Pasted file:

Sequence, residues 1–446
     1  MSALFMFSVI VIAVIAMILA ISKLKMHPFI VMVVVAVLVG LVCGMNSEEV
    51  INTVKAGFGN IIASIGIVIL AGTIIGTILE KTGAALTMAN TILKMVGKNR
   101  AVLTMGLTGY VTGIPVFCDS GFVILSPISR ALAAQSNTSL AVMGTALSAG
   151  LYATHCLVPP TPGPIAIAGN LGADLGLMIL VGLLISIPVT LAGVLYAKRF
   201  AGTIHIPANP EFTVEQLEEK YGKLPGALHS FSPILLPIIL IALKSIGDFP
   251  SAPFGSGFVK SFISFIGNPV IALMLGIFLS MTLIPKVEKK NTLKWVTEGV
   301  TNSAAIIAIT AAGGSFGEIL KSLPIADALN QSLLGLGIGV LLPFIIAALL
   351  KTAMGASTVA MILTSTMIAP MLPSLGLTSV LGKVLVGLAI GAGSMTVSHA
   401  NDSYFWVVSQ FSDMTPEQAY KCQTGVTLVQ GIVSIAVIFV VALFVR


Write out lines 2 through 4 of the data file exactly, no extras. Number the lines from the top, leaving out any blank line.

     1  MSALFMFSVI VIAVIAMILA ISKLKMHPFI VMVVVAVLVG LVCGMNSEEV
    51  INTVKAGFGN IIASIGIVIL AGTIIGTILE KTGAALTMAN TILKMVGKNR
   101  AVLTMGLTGY VTGIPVFCDS GFVILSPISR ALAAQSNTSL AVMGTALSAG